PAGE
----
Firefighters aided by lower temperatures and higher humidity have made progress corralling a wildfire threatening thousands of homes in Northern California.
LOWER LAKE, Calif. (AP) — Firefighters were working aggressively to regain control after a raging Northern California fire jumped a highway that had served as a containment line for the massive blaze — one of 20 wildfires burning in California.
Cooler weather had helped crews build a buffer Monday between the wildfire and some of the thousands of homes it threatened as it tore through drought-withered brush in Lake County that hadn’t burned in years.
But Monday afternoon erratic wind blew hot embers north of Highway 20 ignited several fires across the highway north of the city of Clearlake.
“There were too many (spot fires) for us to pick up,” Battalion Chief Carl Schwettmann of the California Department of Forestry and Fire Protection told the San Francisco Chronicle, after the stand on Highway 20. “With these drought-stricken fuels, it’s just moving at an extremely high rate of speed.”
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At least two dozen homes were destroyed over the past few days, and more than 13,000 people were urged to flee.
The fire — the largest blaze in drought-stricken California — roughly tripled in size over the weekend to almost 97 square miles, generating its own winds that fanned the flames and reduced thousands of acres of manzanita shrubs and other brush to barren land in hours.
“There’s a lot of old growth-type vegetation and four years of drought to dry it all out,” said Lynne Tolmachoff, a spokeswoman for the California Department of Forestry and Fire Protection. “It was ready to go.”
The fire was burning in the Lower Lake area, about 100 miles north of San Francisco and 10 miles from Clear Lake, the largest freshwater lake entirely within California and a popular spot for boaters and campers. Fire officials said no homes around the lake were threatened.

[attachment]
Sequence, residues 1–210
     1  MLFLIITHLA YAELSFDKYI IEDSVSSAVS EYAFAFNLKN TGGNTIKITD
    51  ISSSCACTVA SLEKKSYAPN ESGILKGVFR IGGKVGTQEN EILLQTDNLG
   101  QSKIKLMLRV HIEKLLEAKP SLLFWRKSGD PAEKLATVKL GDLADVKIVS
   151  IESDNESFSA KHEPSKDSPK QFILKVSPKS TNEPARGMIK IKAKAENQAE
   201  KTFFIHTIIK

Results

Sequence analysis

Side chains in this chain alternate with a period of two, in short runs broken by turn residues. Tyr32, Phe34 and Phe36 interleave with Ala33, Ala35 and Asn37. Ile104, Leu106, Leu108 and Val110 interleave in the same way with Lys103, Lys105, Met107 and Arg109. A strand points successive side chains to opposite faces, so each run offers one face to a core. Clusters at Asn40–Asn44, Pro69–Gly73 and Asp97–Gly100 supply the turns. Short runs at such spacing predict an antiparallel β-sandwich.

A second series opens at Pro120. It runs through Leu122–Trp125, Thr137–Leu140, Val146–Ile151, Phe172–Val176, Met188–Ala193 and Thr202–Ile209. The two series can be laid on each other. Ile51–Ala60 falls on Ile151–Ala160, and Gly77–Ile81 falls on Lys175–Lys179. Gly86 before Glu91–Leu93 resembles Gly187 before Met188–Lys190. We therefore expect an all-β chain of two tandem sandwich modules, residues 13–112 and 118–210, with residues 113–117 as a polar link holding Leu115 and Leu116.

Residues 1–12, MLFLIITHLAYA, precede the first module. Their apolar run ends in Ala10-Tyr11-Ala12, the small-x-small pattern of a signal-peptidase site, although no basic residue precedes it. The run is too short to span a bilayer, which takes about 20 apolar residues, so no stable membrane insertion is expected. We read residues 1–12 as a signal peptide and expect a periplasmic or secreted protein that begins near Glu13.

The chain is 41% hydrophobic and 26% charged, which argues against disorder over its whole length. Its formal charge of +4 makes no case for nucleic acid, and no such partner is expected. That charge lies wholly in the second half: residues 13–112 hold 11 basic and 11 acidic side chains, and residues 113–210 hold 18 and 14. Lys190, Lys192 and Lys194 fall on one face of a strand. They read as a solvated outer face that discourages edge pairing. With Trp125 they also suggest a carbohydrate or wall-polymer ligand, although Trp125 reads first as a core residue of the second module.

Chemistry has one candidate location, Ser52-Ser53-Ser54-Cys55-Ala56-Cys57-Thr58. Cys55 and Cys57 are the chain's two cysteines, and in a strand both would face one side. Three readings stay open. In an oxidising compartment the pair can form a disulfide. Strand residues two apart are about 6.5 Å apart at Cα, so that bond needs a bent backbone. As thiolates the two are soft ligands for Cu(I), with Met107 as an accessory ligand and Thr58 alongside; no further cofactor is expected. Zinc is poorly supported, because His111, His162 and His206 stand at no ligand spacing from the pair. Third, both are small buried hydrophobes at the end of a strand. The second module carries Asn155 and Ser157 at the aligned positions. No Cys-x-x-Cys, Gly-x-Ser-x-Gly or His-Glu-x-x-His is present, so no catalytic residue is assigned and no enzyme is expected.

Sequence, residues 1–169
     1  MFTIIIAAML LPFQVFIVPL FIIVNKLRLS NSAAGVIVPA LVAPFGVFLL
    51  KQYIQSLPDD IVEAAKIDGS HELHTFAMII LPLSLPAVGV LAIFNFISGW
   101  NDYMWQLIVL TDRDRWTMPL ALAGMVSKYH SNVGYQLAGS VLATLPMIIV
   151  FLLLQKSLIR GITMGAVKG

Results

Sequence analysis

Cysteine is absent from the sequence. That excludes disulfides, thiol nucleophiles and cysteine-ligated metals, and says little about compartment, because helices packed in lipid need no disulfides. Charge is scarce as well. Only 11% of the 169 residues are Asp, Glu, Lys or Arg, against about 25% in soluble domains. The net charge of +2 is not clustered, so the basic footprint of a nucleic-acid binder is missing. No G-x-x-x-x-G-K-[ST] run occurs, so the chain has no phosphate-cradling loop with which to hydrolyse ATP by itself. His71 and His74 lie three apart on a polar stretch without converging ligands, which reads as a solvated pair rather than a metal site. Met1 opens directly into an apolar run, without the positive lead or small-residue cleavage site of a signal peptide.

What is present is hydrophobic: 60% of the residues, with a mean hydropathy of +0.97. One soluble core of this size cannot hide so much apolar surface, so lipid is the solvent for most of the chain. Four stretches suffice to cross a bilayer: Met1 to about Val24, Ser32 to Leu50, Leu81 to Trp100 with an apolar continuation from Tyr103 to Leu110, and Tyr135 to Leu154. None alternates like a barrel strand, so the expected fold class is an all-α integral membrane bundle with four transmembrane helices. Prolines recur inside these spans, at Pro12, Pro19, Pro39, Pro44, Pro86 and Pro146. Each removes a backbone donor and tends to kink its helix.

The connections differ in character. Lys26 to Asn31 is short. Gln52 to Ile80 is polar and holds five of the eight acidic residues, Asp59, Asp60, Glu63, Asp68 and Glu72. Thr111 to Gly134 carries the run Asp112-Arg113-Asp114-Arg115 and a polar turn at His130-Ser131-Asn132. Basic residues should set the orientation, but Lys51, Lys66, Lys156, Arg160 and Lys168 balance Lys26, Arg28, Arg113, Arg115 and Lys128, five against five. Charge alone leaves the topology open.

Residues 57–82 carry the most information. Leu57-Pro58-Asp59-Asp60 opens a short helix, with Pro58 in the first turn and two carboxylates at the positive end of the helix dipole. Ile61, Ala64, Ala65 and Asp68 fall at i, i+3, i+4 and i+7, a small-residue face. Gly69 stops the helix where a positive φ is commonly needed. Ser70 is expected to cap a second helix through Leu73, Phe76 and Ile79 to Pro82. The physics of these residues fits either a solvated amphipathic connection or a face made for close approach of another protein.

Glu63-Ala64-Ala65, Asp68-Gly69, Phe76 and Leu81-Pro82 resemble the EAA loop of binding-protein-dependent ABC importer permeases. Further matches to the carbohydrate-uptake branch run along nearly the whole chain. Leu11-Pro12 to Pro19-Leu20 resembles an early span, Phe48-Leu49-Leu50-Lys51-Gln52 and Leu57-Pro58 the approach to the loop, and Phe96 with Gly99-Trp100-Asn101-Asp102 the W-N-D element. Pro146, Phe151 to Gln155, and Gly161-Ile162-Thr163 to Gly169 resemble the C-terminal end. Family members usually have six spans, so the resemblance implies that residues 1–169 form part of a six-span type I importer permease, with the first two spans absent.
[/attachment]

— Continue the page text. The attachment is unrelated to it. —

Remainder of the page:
Evacuated residents were amazed at how quickly the flames spread.
“I’m overwhelmed,” Donna McDonald, of Clear Lake, said at a high school that had been turned into a shelter. “I was very happy at one point when I saw no smoke at all. Then all of a sudden it just flared up real big again.”
Layna Rivas, of Clearlake Oaks, evacuated her home over the weekend and wanted to get back to feed her chickens.
“You have to have that let go feeling and know everything is going to be OK,” she said. “My place is going to be safe, my animals are going to be safe.”
Lower temperatures and higher humidity Monday allowed firefighters to contain more of the fire, said CalFire Capt. Don Camp.
“We are hoping we only have to deal with winds from the weather instead of the fire creating its own winds,” he said.
Numerous other wildfires in California, Washington state and Oregon took off as the effects of drought and summer heat turned the West Coast combustible. California blazes killed a firefighter last week and injured four others.
Crews in the Lower Lake area conducted controlled burns, setting fire to shrubs to rob the blaze of fuel and protect some of 5,500 homes threatened. The fire was burning in a rural area of grasslands and steep hills.
The fire destroyed at least 24 homes and 26 outbuildings. More than 13,000 people have been forced from their homes or have been warned to leave.
More fire crews were brought in, bringing the number of firefighters to nearly 3,000. Two more National Guard air tankers were being brought in from Colorado to drop retardant, Tolmachoff said.
Crews battled 20 other wildfires in California — some sparked by lightning — though none as big as the Lower Lake blaze. Mandatory evacuations were also in place farther north in a remote rural area of the Shasta-Trinity National Forest.
The Lower Lake fire is well short of historic proportions. One of the largest wildfires in California history was a 2013 blaze that took out 400 square miles of Sierra Nevada wilderness.
Daley reported from Middletown, Calif. Associated Press writers Sudhin Thanawala and Olga R. Rodriguez in San Francisco and Yara Bishara in Phoenix contributed to this report.